William FRANCIS SULLIVAN, A.B., A Match for a Widow, or Frolics of was the son of Dr. Francis Sullivan, Fancy, was acted at Crow-street, in LL.D., formerly senior fellow and 1786, and printed in 1788. It is royal professor of common law in quite as good as the generality of the Dublin University. The younger operas. The main plot is professedly Sullivan was born in the Irish metrofounded on a little French comedy, polis, about the year 1756, received from which Mrs. Inchbald borrowed her his education in Trinity College, and “ Widow's Vow.” Jonathan, a Yan- was intended for the Church; but he kee servant, in Atkinson's piece, is a lost his father before he was nine, and very amusing character. In one of his mother before he was nineteen years his songs he says,
of age, and his prospects underwent a
total change in consequence. When " And once I stové a cask of beer,
the American war broke out in 1776, Because it worked on Sunday."
he volunteered into the army, and conAtkinson, in his dedication, compli- tinued to serve until the peace of ments Daly, the patentee and manager, 1783. Soon after that he married, as having rescued the Irish theatre and removed with his family to Eng. from neglect and degradation, and land, where he and his wife went on the brought it to the highest pitch of re- stage, and performed at several of the spectability and magnificence.
leading provincial theatres. Not sucLove in a Bluze came out at Crow- ceeding to his wishes, and being of a street in 1800. The plot is the same studious disposition, he relinquished as that of Gallic Gratitude, by Dr. the boards for literary pursuits, and James Solas Dodd,* acted at Covent produced some poems, which evinced Garden, in 1789, and subsequently in genius, and a tolerable power of imaDublin, under the title of the Funeral gination. His dramatic pieces are two Pile. Both taken from Le in number- viz., The Rights of Man, Naufrage, by Lafont, written in a farce; and The Test of Union and 1710; as is also The Widow of Mala- Loyalty. bar, a poor tragedy, by Mariana The Rights of Man was acted at Starke, acted at Covent Garden, in Buxton, in 1791, and afterwards printed
Dodd, who we believe was an Irishman, lived to the great age of 104, and died in Mecklenburgh-street, Dublin, in March, 1805.
† " Basseville received a thrust of a bayonet in the abdomen; he was dragged into the streets, holding his bowels in his hands, and, at length, left on a field-bed in a guard-house where he expired."-Montholon.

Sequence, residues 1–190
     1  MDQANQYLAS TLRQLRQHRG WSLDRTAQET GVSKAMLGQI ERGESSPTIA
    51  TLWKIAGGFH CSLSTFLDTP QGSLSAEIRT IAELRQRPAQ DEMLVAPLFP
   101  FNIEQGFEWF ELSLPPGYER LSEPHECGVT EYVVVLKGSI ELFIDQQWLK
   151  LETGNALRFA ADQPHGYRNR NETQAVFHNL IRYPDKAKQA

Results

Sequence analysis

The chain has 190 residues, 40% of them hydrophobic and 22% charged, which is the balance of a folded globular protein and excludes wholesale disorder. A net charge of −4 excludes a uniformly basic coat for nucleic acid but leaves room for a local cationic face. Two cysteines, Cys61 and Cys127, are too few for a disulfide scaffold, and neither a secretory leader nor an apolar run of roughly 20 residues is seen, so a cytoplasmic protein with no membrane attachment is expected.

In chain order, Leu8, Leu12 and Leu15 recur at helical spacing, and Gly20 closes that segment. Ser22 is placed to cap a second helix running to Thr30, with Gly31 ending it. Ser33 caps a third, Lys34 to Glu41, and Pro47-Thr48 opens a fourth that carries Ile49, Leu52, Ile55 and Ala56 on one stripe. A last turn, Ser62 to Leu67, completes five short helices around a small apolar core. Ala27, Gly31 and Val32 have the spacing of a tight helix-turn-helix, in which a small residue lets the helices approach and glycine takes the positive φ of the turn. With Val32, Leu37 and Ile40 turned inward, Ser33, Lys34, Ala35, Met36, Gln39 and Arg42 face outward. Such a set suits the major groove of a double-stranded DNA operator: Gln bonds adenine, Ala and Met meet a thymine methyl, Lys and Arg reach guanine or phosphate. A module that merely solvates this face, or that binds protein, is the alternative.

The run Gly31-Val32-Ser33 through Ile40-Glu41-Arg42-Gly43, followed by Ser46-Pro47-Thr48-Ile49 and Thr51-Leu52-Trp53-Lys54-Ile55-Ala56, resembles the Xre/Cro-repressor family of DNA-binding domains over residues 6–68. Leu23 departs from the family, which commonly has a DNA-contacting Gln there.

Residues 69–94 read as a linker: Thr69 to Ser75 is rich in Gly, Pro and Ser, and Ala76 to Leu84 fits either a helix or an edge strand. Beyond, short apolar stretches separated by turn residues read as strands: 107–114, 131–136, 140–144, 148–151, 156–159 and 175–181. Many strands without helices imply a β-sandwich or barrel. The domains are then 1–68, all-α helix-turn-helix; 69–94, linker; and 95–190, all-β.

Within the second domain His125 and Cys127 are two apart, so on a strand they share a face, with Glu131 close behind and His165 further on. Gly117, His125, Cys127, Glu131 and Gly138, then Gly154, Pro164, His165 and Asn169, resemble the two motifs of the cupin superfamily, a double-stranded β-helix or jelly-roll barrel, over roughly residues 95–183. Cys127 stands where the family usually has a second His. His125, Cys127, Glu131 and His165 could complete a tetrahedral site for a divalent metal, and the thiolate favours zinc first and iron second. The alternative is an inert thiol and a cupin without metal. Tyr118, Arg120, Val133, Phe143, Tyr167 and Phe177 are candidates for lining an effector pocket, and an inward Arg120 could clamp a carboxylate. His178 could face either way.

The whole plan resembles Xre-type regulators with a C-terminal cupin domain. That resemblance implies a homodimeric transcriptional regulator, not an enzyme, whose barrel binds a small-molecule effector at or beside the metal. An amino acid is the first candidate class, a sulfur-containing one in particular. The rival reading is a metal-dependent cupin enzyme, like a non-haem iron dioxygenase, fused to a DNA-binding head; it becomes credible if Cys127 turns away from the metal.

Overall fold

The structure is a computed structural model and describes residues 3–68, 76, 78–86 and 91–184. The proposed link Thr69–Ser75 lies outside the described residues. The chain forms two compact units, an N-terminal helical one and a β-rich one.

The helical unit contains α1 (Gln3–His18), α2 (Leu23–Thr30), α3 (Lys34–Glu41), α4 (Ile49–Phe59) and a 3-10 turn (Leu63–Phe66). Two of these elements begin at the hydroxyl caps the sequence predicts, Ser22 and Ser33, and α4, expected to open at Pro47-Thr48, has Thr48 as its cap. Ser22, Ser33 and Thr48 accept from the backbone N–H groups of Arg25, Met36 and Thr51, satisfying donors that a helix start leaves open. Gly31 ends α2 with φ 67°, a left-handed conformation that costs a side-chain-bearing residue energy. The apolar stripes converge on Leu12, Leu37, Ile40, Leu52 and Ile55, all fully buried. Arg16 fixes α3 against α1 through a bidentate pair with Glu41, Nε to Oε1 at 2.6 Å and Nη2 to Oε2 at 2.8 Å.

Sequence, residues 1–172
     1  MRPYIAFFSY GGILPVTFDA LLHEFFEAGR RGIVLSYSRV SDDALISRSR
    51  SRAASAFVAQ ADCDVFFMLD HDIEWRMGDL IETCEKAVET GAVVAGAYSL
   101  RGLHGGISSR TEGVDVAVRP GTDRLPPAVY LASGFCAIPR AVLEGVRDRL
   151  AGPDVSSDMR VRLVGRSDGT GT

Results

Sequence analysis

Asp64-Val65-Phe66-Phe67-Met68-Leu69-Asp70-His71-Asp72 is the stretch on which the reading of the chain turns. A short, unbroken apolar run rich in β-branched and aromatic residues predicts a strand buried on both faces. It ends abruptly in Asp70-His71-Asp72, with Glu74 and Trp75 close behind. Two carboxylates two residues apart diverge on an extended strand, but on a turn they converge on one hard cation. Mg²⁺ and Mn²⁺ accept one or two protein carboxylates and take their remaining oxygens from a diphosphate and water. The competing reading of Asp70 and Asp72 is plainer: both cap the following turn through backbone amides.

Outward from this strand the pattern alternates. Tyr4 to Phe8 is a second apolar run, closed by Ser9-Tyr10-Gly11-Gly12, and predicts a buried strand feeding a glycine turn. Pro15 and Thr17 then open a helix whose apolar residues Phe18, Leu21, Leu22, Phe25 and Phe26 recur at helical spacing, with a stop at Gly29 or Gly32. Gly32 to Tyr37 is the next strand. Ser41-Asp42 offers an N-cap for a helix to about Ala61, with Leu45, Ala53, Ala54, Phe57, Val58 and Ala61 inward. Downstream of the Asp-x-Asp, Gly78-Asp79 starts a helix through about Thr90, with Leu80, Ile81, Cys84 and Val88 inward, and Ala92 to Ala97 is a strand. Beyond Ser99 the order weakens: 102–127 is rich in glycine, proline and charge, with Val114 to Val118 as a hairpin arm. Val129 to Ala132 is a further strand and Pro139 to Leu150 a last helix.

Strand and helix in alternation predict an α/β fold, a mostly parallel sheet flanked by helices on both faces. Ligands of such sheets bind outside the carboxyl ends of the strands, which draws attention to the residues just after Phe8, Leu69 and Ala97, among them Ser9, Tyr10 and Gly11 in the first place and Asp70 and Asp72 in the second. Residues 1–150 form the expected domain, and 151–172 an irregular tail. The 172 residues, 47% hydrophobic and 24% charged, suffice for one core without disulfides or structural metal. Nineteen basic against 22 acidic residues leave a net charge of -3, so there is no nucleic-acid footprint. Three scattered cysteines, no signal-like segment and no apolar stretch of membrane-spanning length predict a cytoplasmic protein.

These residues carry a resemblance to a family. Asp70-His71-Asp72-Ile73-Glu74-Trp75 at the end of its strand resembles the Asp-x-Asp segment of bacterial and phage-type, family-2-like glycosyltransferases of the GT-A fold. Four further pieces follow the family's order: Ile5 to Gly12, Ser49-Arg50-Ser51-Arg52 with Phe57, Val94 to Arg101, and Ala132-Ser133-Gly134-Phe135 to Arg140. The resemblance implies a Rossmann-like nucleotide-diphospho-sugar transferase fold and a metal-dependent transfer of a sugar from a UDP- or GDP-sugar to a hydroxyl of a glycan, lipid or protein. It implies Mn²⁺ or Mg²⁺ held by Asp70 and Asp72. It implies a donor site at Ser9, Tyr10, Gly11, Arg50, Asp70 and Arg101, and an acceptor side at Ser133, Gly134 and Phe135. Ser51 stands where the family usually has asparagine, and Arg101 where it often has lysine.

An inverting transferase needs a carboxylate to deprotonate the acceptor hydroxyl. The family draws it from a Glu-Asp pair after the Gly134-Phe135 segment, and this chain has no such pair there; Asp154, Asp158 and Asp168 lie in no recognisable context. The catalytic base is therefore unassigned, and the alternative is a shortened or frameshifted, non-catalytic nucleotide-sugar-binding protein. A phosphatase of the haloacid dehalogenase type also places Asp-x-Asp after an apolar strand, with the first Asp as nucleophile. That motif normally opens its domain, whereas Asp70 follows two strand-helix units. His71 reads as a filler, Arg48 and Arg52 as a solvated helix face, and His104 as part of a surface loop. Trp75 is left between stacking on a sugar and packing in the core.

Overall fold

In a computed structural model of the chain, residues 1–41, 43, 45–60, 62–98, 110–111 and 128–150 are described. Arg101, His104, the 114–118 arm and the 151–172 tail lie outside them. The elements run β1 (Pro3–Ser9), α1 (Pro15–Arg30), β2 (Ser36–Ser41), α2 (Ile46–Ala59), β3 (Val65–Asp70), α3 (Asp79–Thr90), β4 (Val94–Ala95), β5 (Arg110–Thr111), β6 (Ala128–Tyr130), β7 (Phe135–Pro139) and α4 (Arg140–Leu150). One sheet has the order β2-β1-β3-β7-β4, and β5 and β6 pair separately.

in the first volume of The Thespian of the theatres tn Smock-alley and Magazine. This dramatic satire has Capel-street formed the subject of geconsiderable humour. Its tendency neral conversation ; and in Mr. Potts's is, to expose those self-elected re- printing-office the merits and demerits formers, who, from a mere love of of the two companies were fully disinnovation and the craving after noto cussed, each house having its exclusive riety, adopt and spread political opi- partisans amongst the typographical nions which they have neither sense critics, who then, as now, comprised a nor argument to support. It was once most important section of the galleperformed at the Haymarket, for Wil. ry, and were held in oracular reveson's benefit. The Test of Union and rence by their associate deities. From Loyalty bore reference to the threat- the ancient friendship which had sub. ened French invasion.
sisted between Potts and Cherry seANDREW CHERRY was fortunate nior, the young Andrew was particu. enough to achieve considerable reputa. larly favoured by his master, who made tion both as an actor and author. He him his constant companion in all rewas the eldest son of Mr. John Cherry, creations. Amongst other amusements, an eminent printer and bookseller at Mr. Potts was extremely attached to Limerick, and was born in that city, theatrical exhibitions, and, perceiving on the 11th of January, 1762. His that his pupil's inclination bent strongfather's ancestors possessed a consider- ly to that point, he seldom visited the able property, on which they resided theatre without taking young Cherry for centuries, near Sheffield, in York. with him. On the first occasion on shire, and were of the Society of which he was permitted to indulge his Friends, or Quakers, as they are com- ardent desire, he witnessed the last monly called. One of these, disclaim. appearance of that ill-starred but acing the mild tenets of the primitive complished actor, Mossop, in his fachurch, and being imbued with a thirst vourite part of Zanga. The perforfor martial glory, followed the for- mance of such a celebrated tragedian tunes of King William III., and fought obtained an entire dominion over his under that renowned soldier as a cornet fancy. He soon found his taste for of horse, throughout the Irish wars. business rapidly decline; the printingOn the capitulation of Limerick, being office lost its charms, and he began to left in garrison there, he married an loathe the drudgery of a mechanical Irish lady, and purchased an estate at employment. In conjunction with his a place called Croome, not far distant brother apprentices and intimate compafrom the city, where the family resided nions, whose stage-struck propensities for some generations, until the impru- were not inferior to his own, he made dence of Andrew Cherry's grandfather his first appearance, at the age of fourdeprived him and his successors of a teen, in the character of the fair Lucia, paternal inheritance, which, in the pre- in Addison's tragedy of Cato, in a large sent day, yields an annual income of room fitted up as a temporary theatre, many thousands. Thus the representa- at the Blackamoor's Head, James'stive of landed squires dwindled down street, Dublin. into an itinerant actor.